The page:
The target serum level is 10-20 mcg per ml.

24


valproic acid (Depakene, Depakote, Depacon)

standard broad-spectrum AED & no other AED is more effective for generalized seizure types
significant side effects: weight gain, tremor, hair loss, GI upset, blood count decreases, hepatic or pancreatic injury, osteoporosis, birth defects in up to 10% (folic acid can help to prevent them). T
Typical adult dose is 250 mg - 500 mg TID, but dose can be higher

25

Benzodiazepines:

used as anti-seizure drugs, sedatives, tranquilizers and muscle relaxants. Benzodiazepines increase the effectiveness of GABA, the brain’s main inhibitory neurotransmitter.
clonazepam (Klonopin) - long-acting
Side effects include sedation, thinking/memory impairment, mood changes, addiction.
typical adult dose is 0.5-1.0 mg TID
clorazepate
diazepam
lorazepam (Ativan)

26

Barbiturates:

phenobarbital (Solfoton) - increases the effect of GABA, (main inhibitory neurotransmitter )
sedation, thinking/memory problems and depression
Osteoporosis & mildly addictive & requires slow W/D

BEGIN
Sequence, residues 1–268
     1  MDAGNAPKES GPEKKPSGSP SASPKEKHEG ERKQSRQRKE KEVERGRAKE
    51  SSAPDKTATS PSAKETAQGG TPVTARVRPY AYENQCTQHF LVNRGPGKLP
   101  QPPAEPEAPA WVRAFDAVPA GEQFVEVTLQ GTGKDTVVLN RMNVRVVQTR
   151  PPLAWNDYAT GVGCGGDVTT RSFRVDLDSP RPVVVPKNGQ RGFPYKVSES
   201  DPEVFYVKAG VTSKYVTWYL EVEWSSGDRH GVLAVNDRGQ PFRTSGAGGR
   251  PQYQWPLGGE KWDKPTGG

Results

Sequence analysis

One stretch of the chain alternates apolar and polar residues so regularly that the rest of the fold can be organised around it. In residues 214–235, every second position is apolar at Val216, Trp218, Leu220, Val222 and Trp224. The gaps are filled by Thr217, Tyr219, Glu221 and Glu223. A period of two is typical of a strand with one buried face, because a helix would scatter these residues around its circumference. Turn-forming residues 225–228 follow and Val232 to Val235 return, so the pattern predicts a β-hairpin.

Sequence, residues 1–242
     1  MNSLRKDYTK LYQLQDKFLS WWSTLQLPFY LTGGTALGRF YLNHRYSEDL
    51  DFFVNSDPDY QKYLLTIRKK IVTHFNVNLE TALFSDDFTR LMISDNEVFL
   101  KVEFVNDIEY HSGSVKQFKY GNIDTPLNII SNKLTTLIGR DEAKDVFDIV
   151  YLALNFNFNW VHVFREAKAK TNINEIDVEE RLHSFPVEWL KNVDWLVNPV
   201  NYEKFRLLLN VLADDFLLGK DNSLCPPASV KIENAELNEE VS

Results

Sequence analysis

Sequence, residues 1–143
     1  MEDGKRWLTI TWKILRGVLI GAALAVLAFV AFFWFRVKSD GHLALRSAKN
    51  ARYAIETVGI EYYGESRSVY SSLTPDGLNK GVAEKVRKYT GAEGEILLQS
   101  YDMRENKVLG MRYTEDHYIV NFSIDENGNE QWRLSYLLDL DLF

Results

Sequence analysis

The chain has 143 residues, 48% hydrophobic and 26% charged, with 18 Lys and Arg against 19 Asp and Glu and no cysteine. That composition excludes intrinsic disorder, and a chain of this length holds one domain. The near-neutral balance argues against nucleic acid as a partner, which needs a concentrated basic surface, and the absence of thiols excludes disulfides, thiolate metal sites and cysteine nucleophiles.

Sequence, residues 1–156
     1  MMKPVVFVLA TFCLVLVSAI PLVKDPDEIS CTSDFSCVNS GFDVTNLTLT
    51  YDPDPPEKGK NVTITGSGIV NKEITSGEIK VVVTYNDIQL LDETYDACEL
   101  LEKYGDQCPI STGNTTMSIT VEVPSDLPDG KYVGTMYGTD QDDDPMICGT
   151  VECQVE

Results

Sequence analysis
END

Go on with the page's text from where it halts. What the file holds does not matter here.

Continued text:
birth defects
100 mg per day
target serum level is 10-40 mcg per ml.
I

27

Iminostilbenes:

carbamazepine (Tegretol)
partial seizure medicine
Affects sodium channels, & inhibits rapid firing of brain cells
side effects include GI upset, weight gain, blurred vision, low blood counts, low blood sodium (hyponatremia)
400 mg tid
oxcarbazepine (Trileptal)
Slightly different from carbamazepine, it is at least as effective, &may have fewer side effects, except for more risk for low blood sodium (hyponatremia)
More $$$

28

Client education: AEDs

Drug administration - name, dosage, times
Must not stop taking even when seizures stop
Should be taken at same times daily
Take with food
Review:
Drug-drug/drug-food interactions
What to do if side effects occur
What to do if a dose is missed or cannot be taken
Need for regular blood checks for therapeutic levels

29

Vagus Nerve Stimulation

For simple/complex Seizures
Prevents seizures by sending small pulses of electrical energy to the brain via the vagus nerve
Electrode implanted in chest wall, pt has hand held magnet that is pressed during aura
Why/how it works not known

30

Surgery
for epilepsy

Brain surgery for epilepsy is performed, in a small percentage of cases, and usually only when other treatments fail to adequately control seizures

31

At the completion of the seizure

Keep client in recovery position on his/her L side
Take client’s vital signs
Perform neurological checks
Document the incident
Seniors at high risk for postictal confusion

32

Special care for senior after a seizure: